Washington University Emergency Medicine Journal Club – August 18th, 2022
It’s another long Saturday night in EM1 when you are sent the last patient in the waiting room. You open up his chart to find a 40-year-old male with PMHx of polysubstance use, severe CHF with EF <15%, and COPD. Today, he is here for leg swelling. You note multiple ED visits and admissions in the last two months for possible CHF exacerbations. His vitals reveal that he is afebrile with BP 175/90, HR 90, RR 15, satting 92% on RA. He tells you his medications were stolen again at the shelter last week, so he needs a refill and would also like some juice and a turkey sandwich. Also, he tells you he has missed the last several appointments with his cardiologist because he is too short of breath to walk there. He was discharged with similar vitals and a stably elevated BNP last week, and his edema was described as chronic on that discharge summary. You know the medicine team could raise objections if you were to pursue admission.
We care for complex care patients in the emergency department on a daily basis. Any patient with a decompensated chronic condition with insufficient access to housing, insurance, or primary care can be classified as a complex care patient. In the ED, complex care patients often disproportionately use ED resources and are thus called “frequent utilizers” in the literature, although this term has no clear definition. These patients often have a higher prevalence of multiple comorbid chronic illness—including psychiatric illnesses—lower socioeconomic status, and higher rates of adverse health outcomes. Efforts targeting complex care patients to improve their healthcare access while decreasing avoidable utilization typically involve a multidisciplinary team of physicians and other healthcare staff, such as social workers and case managers, who can connect patients with needed resources.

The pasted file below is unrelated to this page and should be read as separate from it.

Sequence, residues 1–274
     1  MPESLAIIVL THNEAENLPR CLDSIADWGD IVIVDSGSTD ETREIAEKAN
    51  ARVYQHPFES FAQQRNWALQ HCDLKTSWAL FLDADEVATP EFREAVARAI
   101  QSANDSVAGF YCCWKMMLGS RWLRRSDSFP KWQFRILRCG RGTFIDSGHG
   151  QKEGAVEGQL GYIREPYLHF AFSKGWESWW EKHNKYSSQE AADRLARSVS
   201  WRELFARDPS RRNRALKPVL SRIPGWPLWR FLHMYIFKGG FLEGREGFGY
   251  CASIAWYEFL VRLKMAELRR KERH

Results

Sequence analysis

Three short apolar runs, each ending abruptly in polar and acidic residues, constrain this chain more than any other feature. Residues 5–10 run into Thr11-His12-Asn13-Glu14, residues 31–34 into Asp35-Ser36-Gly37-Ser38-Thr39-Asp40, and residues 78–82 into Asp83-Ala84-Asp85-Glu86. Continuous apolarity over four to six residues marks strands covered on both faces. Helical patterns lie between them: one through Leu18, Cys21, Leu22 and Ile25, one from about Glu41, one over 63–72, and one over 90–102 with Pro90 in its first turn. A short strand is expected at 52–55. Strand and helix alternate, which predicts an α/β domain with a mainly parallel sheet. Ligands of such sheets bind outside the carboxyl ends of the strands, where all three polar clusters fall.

This month, we will review key articles in the literature to attempt determine what interventions can be taken to effectively identify complex care patients and reduce ED utilization among patients who are heavy users.
Article 1: Finkelstein A, Zhou A, Taubman S, Doyle J. Health Care Hotspotting – A Randomized, Controlled Trial. N Engl J Med. 2020 Jan 9;382(2):152-162. doi: 10.1056/NEJMsa1906848. PMID: 31914242; PMCID: PMC7046127.
Article 2: Powers BW, Modarai F, Palakodeti S, Sharma M, Mehta N, Jain SH, Garg V. Impact of complex care management on spending and utilization for high-need, high-cost Medicaid patients. Am J Manag Care. 2020 Feb 1;26(2):e57-e63. doi: 10.37765/ajmc.2020.42402. Erratum in: Am J Manag Care. 2020 Mar;26(3):132. PMID: 32059101.
Article 3: Johnson TL, Rinehart DJ, Durfee J, Brewer D, Batal H, Blum J, Oronce CI, Melinkovich P, Gabow P. For many patients who use large amounts of health care services, the need is intense yet temporary. Health Aff (Millwood). 2015 Aug;34(8):1312-9. doi: 10.1377/hlthaff.2014.1186. PMID: 26240244.
Article 4: Ku BS, Fields JM, Santana A, Wasserman D, Borman L, Scott KC. The urban homeless: super-users of the emergency department. Popul Health Manag. 2014 Dec;17(6):366-71. doi: 10.1089/pop.2013.0118. PMID: 24865472.